Nairobi Kenya: LGBTIQQ Refugees cautioned and asked to be vigilant and keep indoors during the Kenya post election period
NAIROBI — “It is chilly outside, we are huddled inside our house. But, today unlike a few days back we have not heard much crackling of gunshots. The previous days shots rung through parts of Nairobi as sporadic battles between rioters and police erupted in places including the Kibera slum. This is areas where we do our shopping or even take the nearest cab to our home. We ventured out when we had to go visit a member who needed hospitalization. What we saw still scares us. We saw torched shops, charred tires, broken glass and heard the reverberating sound of police choppers” narrated a refugee in Kenya.
As Kenya is going through her healing process, we argue LGBTIQQ Refugees to stay indoors, avoid engaging in any activities that may provoke animosity and also have someone among them take on the role of the team emergency focal point person. This person’s task is to collect and share relevant information geared at maintaining peaceful co-existence and a thriving life. The focal point person must at all times have connections open and ready to do spot visits if necessary. We have compiled a list for you too. Where possible have contacts wth the following organizations in case of emergencies:
Kenyan government’s National Steering Committee for Peace and Conflict Management; Kenya Red Crescent and Cross Society; Mercy Corps’ Kenyan Election Violence Prevention program; UNHCR; Kenyatta Hospital; ActionAid; Islamic Relief; World Vision International; ACTED; ActionAid Kenya; Action Against Hunger; Concern Worldwide; Doctors of the World; Norwegian Refugee Council; Christian Aid; Dorcas Aid International; Trócaire,; Handicap International; and Médicins Sans Frontières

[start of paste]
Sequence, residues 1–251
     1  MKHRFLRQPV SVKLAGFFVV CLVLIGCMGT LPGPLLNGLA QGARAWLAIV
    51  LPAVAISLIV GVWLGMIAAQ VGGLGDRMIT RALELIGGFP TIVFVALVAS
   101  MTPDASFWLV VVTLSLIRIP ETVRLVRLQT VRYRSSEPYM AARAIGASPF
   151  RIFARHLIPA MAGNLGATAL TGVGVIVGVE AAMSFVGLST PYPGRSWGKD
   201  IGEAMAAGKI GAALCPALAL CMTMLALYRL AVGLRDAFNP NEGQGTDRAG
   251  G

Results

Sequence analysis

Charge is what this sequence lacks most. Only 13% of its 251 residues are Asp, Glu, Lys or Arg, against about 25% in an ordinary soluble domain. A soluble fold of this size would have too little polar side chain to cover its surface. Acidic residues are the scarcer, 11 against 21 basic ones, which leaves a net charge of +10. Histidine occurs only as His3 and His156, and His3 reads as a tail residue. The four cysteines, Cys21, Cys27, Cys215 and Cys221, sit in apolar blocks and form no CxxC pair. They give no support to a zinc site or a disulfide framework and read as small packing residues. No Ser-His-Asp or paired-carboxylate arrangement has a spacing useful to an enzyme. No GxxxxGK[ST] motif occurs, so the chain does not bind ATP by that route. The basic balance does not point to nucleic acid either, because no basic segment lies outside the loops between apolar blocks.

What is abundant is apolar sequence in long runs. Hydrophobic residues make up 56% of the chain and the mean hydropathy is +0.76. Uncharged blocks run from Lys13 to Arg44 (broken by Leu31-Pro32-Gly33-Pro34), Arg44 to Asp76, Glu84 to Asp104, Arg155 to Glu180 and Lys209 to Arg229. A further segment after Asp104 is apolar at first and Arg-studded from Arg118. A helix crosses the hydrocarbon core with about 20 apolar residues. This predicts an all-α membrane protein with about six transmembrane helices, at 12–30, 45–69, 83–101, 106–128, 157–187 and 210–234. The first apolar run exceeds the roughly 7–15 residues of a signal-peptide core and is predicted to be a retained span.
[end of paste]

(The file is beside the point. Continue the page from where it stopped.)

Meanwhile Kibera is an epicenter of protests on 11th August Friday night immediately after Kenya’s electoral commission announced that President Uhuru Kenyatta won a second term in office. His opponent, Raila Odinga, is contesting the vote as a “sham,” despite international and national observation groups expressing their confidence in the process. Kibera is considered a stronghold for Odinga. The violence in Kibera was just one of a handful of outbursts in Nairobi and western Kenya after the announcement.
Post election violence has claimed the lives of at least 24 people, as of Saturday night, according to the Kenya National Commission on Human Rights. By Saturday morning in Kibera, Kenyan Red Cross Society vehicles raced through the streets, mapping out the violence and needs so that they could respond to injuries, providing prehospital care and medical evacuations. The organization has handled 108 serious injuries, including gunshot wounds, across the country. Médicins Sans Frontières provided ambulance service and took patients coming in for injuries, evacuating and treating another 64 that were injured on Saturday, the organization reported via its website.
Kenya National Commission on Human Rights issued a statement on Saturday appealing to the inspector general of police and the attorney general and cabinet secretaries to “ask the officer in charge of operations to direct their officers stop the use of live ammunition against citizens.” The organization also reported on allegations of police forcefully entering homes, beating people up, threatening with rape and demanding money.
We argue to be vigilant and calm.
For more: www.nscpeace.go.ke.